In the past 50 years, the planet has experienced a rapid growth of human population, development and urbanisation, deforesting hundreds of million acres of forests across the globe along the way. As a result, wildlife are losing more habitats and food by the day. According to a 2020 analysis, the sixth mass extinction of wildlife on Earth is accelerating with more than 500 species of land animals on the brink of extinction, and will likely to be lost within the next 20 years. As India is one of the most densely populated countries in the world, human activity and land development are unsurprisingly rampant in this nation. These are just 10 endangered species in India that are under threat and urgently need protecting.
10 Endangered Species in India
Bengal tigers account for about half of the world’s total tiger population, 70% of which can be found living in India. Though this big cat is an adaptable animal that can live in various habitats including forests, mangroves and wetlands, and has the ability to cope with hot or cold temperatures, Bengal tiger populations have plummeted over the years. The animal has been endangered following decades of persistent poaching for its skin and body parts, trophy hunting, and severely reduced habitat from urban development. The species now live in just 7% of their historical habitat range, with fewer than 2,000 individuals left in the wild. In a densely populated country like India, human-wildlife conflict is also a contributing factor to its dwindling numbers.
The Asiatic lion is about 10-20% smaller than its African cousins with a larger tail tuft and a distinct belly fold. As the name suggests, the Asiatic Lion was historically native across south-west Asia to eastern India. But now, the species’ entire population can only be found in India and restricted to the Gir National Park and environs in Gujarat. Listed as an endangered species by the International Union for Conservation of Nature (IUCN) since 2010, the Asiatic lion only has about 500-650 individuals left in the country. While the animal is mostly confined to the Gir Forest, many farmers still use crude and illegal electrical fences to protect their crops where lions often get caught up in it. Likewise, nearly 20,000 open wells dug by farmers in the area for irrigation have led to many accidental drownings of lions.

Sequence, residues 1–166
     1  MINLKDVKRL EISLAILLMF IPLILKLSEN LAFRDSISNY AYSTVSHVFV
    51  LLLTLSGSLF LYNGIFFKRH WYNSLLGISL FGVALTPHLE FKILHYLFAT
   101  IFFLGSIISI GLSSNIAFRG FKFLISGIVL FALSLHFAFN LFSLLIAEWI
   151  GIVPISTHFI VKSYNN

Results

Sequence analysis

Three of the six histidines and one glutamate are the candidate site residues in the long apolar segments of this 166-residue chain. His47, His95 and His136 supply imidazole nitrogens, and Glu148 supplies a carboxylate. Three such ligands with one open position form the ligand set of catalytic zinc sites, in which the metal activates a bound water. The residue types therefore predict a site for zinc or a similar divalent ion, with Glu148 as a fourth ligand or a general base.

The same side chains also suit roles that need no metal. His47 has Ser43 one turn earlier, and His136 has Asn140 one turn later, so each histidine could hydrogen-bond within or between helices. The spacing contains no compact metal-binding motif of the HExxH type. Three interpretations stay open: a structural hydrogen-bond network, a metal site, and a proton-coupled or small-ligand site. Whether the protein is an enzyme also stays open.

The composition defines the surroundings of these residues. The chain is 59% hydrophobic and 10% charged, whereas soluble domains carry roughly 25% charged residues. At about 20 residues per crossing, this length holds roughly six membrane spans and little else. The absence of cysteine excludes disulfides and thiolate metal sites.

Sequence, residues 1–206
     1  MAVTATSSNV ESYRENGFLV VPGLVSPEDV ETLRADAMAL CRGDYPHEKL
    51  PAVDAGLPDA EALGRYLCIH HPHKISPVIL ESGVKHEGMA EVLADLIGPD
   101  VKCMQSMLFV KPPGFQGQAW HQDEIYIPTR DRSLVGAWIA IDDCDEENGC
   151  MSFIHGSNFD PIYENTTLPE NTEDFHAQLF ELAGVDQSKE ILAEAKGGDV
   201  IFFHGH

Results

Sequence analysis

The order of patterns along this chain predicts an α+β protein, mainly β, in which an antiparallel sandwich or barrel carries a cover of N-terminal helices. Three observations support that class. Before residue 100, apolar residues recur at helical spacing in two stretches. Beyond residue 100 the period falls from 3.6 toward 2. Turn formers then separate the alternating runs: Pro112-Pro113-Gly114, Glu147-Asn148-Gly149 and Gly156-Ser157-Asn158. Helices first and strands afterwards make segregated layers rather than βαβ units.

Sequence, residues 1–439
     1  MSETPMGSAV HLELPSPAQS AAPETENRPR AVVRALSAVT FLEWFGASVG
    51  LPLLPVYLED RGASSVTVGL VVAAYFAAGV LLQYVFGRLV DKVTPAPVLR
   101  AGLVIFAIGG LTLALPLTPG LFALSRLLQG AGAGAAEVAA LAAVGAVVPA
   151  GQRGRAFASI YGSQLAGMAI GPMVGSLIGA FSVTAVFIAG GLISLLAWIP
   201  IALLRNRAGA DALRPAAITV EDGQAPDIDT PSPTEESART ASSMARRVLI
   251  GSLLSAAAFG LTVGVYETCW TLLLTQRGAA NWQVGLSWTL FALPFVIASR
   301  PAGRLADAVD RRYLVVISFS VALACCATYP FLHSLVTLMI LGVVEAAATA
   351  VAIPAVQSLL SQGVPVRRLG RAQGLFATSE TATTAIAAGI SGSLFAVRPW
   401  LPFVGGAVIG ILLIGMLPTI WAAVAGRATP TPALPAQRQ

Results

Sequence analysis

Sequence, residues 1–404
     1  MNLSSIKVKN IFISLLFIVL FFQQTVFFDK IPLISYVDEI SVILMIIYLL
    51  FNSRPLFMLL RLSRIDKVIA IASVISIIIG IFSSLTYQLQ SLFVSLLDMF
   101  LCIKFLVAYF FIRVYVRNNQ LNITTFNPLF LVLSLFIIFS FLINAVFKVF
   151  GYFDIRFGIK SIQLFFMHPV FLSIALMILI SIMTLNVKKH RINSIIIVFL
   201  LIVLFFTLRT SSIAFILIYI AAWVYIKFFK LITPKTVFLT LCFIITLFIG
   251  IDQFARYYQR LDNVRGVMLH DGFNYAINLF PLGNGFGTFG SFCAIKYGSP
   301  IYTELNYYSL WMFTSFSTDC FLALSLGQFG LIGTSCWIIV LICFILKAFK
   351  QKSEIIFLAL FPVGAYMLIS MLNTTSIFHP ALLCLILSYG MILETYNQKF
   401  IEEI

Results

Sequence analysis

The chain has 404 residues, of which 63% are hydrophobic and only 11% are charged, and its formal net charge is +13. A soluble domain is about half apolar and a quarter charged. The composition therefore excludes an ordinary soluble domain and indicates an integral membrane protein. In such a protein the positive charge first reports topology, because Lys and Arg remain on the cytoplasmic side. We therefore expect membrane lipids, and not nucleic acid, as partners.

Much like the Asiatic Lion, snow leopards used to have much larger habitats and prowled across the mountain ranges of Asia. Now, they can only be found in Ladakh, Himachal Pradesh, Uttarakhand and the western and eastern parts of the Himalayas, with population numbers down to about 500 in India. Unsurprisingly, this drop is the result of human interference, namely animal poaching for its pelt and body parts, and a rapid decline of prey due to increasing domestic livestock, which depletes the high altitude pasture lands. Conflicts between remote communities and snow leopards have also been a threat to the species, as well as hydroelectric and mining projects, which reduces the leopard’s natural habitat. As female snow leopards tend to produce only one to two cubs once every two years, it also makes it harder for the species to recover its numbers.
Also known as the Indian rhinoceros, this animal is mostly found in India and the foothills of Himalayas. One-horned rhinoceros has been heavily targeted for their horns for decades, which allegedly have medicinal properties, and killed as agricultural pests. The population is also impacted by frequent flooding seasons, forcing rhinos to move to higher ground and outside of national parks, increasing risks of human-wildlife conflicts. These factors have consequently driven the population to near extinction at the start of the 20th century, dropping down to as little as 200 animals. But with the help of strict and targeted conservation measures, current population numbers have risen back up to around 3,700 in northeastern India and the Terai grasslands of Nepal, making it “one of the most successful conservation efforts in history”.